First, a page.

Podberezkin, A. I., Aleksandrov, M. V., Borishpolets, K. P., Zinov'eva, E. S., Kabernik V. V., Muntyan, M. A., Rodionov, O. E., Ruchkin, G. R. and Harkevich, M. V. (2015), "The Theoretical Basis of Analysis, Forecast and Planning System of Foreign and Defense Policy. Vol. 1", Strategicheskoe prognozirovanie i planirovanie vneshnej i oboronnoj politiki: monografiya: v 2 t. [Strategic Forecasting and Planning of Foreign and Defense Policy: Monograph: in two volumes], in Podberezkin, A. I. (ed.), Moscow State University of Foreign Affairs of the Russian Ministry of Foreign Affairs, Moscow, Russia [Online], available at: https://mgimo.ru/upload/iblock/d56/ d56188c4f338055e9c53aa40a57c4a26.pdf (Accessed 12 March 2019).

Fatianov, A. A. (2012), "Problems of International Cooperation in the Military Equipment Market", Russian Foreign Economic Journal, no. 6, pp. 112-116.

Allen, K. W. (2001), "China's Foreign Military Relations", Journal of Contemporary China, vol. 10, no. 29, pp. 645-662, doi: 10.1080/10670560120075046.

Augustine, N. R. (1997), Augustine's Laws, American Institute of Aeronautics and Astronautics, Reston, US.

Callaghan, T. A. (1975), US-European Economic Cooperation in Military and Civil Technology, Georgetown University Press, Washington, US.

Caverley, J. (2007), "United States Hegemony and the New Economics of Defense", Security Studies, vol. 16, no. 4, pp 598-614, doi: 10.1080/09636410701740825.

DeVore, M. R. (2012), "Organizing International Armaments Cooperation: Institutional Design and Path Dependencies in Europe", European Security, vol. 21, no. 3, pp. 432-458, doi: 10.1080/09662839.2012.667806.

Faure, B. H. (2015), "La Coopération Internationale dans le Secteur de l'Armement à la Lumière du cas Français. Questions de Research, № 46" [Online], available at: https://spire.sciencespo.fr/hdl:/2441/e132d0a1f8s88f1stcn753mbt/ resources/qdr46-2.pdf (Accessed 12 April 2018).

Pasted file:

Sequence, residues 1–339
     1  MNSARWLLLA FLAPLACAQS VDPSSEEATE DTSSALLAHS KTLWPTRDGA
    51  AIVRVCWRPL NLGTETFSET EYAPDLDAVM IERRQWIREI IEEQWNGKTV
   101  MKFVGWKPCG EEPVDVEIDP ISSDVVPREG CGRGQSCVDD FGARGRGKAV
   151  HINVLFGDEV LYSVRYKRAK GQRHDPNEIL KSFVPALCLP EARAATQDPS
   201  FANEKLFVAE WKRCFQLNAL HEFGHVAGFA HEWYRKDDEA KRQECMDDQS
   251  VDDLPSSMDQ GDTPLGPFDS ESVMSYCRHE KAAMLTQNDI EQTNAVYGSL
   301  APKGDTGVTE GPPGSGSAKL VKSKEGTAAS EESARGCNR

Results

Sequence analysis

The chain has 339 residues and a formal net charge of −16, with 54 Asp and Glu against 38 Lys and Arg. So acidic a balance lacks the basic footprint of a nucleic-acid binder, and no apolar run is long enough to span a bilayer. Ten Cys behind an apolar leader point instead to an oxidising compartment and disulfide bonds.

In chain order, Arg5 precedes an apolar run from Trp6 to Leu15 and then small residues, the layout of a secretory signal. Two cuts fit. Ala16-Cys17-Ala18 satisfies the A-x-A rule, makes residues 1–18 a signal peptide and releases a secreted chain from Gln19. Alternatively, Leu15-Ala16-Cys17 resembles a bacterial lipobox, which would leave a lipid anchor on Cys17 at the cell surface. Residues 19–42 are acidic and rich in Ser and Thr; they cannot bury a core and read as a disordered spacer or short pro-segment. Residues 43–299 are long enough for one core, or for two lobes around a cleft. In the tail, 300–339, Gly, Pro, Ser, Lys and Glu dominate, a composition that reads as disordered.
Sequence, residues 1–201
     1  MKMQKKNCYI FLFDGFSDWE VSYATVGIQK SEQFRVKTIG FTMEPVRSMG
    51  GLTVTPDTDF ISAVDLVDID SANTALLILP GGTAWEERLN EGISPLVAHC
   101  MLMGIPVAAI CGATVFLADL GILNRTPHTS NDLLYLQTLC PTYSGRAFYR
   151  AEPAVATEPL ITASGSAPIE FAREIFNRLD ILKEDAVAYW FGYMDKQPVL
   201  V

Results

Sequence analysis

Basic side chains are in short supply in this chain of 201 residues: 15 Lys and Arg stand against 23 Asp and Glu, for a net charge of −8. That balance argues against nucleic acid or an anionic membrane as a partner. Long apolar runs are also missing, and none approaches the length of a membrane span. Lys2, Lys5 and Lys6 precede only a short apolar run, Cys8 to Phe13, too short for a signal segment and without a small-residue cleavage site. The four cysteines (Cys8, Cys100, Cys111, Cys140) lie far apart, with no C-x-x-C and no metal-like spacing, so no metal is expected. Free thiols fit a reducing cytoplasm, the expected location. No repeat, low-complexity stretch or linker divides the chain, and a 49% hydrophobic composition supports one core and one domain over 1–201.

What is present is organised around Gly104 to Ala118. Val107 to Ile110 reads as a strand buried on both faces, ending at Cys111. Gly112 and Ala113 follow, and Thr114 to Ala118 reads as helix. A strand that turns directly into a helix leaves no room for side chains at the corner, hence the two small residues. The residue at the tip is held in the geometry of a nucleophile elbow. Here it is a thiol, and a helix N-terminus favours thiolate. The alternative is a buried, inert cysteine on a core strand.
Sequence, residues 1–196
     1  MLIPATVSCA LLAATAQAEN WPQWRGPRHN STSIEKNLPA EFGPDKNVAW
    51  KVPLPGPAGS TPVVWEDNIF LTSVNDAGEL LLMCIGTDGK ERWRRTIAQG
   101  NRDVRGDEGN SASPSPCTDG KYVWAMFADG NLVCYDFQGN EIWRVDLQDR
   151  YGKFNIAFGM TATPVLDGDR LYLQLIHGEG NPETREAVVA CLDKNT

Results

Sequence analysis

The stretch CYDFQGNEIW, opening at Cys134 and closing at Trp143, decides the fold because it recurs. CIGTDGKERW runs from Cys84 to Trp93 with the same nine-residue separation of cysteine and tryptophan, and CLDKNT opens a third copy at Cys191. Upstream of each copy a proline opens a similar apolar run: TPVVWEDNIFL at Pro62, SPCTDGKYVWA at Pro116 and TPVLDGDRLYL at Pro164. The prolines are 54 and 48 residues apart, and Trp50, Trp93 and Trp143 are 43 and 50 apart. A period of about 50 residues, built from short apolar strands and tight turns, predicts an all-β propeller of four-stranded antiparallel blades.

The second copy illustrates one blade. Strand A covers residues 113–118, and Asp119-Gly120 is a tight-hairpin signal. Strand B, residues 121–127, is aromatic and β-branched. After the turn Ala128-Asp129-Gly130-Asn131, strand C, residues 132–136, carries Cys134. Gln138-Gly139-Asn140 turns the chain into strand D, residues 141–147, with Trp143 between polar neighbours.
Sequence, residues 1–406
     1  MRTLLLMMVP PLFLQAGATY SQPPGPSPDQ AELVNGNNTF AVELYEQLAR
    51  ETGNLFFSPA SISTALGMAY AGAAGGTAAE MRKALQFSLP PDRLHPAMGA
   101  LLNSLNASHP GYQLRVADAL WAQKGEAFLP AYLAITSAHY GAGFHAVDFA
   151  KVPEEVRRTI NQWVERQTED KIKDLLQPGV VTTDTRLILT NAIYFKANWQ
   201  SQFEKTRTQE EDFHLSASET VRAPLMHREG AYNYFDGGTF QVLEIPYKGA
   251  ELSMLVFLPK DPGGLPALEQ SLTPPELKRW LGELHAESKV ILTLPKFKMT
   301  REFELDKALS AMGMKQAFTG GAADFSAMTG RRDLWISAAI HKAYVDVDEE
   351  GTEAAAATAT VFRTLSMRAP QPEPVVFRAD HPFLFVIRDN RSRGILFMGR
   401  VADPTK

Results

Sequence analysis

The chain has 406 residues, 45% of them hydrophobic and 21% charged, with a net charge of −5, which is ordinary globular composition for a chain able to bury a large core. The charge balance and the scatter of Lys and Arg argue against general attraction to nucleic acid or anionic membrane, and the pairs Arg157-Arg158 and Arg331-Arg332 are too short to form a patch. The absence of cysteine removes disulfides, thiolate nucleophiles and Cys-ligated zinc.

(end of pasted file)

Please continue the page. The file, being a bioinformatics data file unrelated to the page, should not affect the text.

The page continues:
Hartley, K. (1998), "A Single European Market for Defense Equipment", The Organisation of the Firm: International Business Perspectives, in Mudambi, R. and Ricketts, M. (ed.), Routledge, London, pp.148-166.

Jones, S. G. (2007), The Rise of European Security Cooperation, Cambridge University Press, Cambridge, UK.

Kaidanow, T. S. (2017), "Foreign Military Sales: Process and Policy" [Online], available at: https://www.state.gov/foreign-military-sales-process-and-policy/ (Accessed 09 March 2019).

Kytömäki, E. (2014), "The Defense Industry, Investors and the Arms Trade Treaty" [Online], available at: https://www.chathamhouse.org/sites/files/chathamhouse/ field/field_document/20141215DefenceIndustryArmsTradeTreatyKytomaki.pdf (Accessed 28 March 2019).

Lorell, A. M. and Lowell, J. (1995), Pros and Cons of International Weapons Procurement Collaboration, Rand Corporation, Santa Monica, US.

Muthana, K. A. (2011), "Military Diplomacy", Journal of Defense Studies, vol. 5, no. 1, pp. 1-15 [Online], available at: http://www.idsa.in/system/files/jds_5_1_ kamuthanna.pdf (Accessed 11 March 2019).

North, D. (1990), Institutions, Institutional Change and Economic Performance, Cambridge University Press, Cambridge, UK.

Pajtinka, E. (2016), "Military Diplomacy and Its Present Functions", Security Dimensions: International & National Studies, no. 20, pp. 179-194, doi: 10.24356/ SD/20/9.

Rezaei, F. (2017), "Will America force Iran to strengthen ties with China and Russia?" [Online], available at: http://nationalinterest.org/feature/will-america-force-iran-strengthen-ties-china-russia-21860 (Accessed 12 March 2019).

Harutyunyan, G. (2018). Rrazmaardyunaberut'yun: gerakayut'yunner, hnaravorut'yunner, herrankarner [Defense Industry: Priorities, Opportunities, Prospects], Limush, Yerevan, Armenia.

Melkumyan, M., Hakhverdyan, D., Nazaryan, G., Baharyan, F. and Hakobyan, T. (2015), HH tntesut'yan volortayin zargats'man yev harkabyujetayin k'aghak'akanut'yan himnakhndirnery maksayin miut'yan andamakts'ut'yan paymannerum. [The Sectoral Development of the Economy of the Republic of Armenia and Fiscal Policy Issues in the Customs Union Membership Conditions], Tntesaget, Yerevan, Armenia.

Received May 12, 2019

i Надоели баннеры? Вы всегда можете отключить рекламу.